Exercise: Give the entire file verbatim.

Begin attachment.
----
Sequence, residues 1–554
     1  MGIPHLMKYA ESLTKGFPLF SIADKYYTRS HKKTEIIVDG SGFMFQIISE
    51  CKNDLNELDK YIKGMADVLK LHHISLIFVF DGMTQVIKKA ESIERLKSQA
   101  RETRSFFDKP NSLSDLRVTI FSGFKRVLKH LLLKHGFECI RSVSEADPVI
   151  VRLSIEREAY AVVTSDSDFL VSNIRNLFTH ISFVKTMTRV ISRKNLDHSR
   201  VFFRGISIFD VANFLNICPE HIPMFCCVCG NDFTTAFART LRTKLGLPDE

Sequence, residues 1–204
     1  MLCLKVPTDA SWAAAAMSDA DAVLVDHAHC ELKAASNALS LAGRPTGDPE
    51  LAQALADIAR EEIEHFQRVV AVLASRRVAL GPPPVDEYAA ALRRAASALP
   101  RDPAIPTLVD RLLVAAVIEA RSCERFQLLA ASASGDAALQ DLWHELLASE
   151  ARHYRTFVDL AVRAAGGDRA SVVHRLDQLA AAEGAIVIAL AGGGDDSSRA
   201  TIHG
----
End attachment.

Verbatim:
Sequence, residues 1–554
     1  MGIPHLMKYA ESLTKGFPLF SIADKYYTRS HKKTEIIVDG SGFMFQIISE
    51  CKNDLNELDK YIKGMADVLK LHHISLIFVF DGMTQVIKKA ESIERLKSQA
   101  RETRSFFDKP NSLSDLRVTI FSGFKRVLKH LLLKHGFECI RSVSEADPVI
   151  VRLSIEREAY AVVTSDSDFL VSNIRNLFTH ISFVKTMTRV ISRKNLDHSR
   201  VFFRGISIFD VANFLNICPE HIPMFCCVCG NDFTTAFART LRTKLGLPDE

Sequence, residues 1–204
     1  MLCLKVPTDA SWAAAAMSDA DAVLVDHAHC ELKAASNALS LAGRPTGDPE
    51  LAQALADIAR EEIEHFQRVV AVLASRRVAL GPPPVDEYAA ALRRAASALP
   101  RDPAIPTLVD RLLVAAVIEA RSCERFQLLA ASASGDAALQ DLWHELLASE
   151  ARHYRTFVDL AVRAAGGDRA SVVHRLDQLA AAEGAIVIAL AGGGDDSSRA
   201  TIHG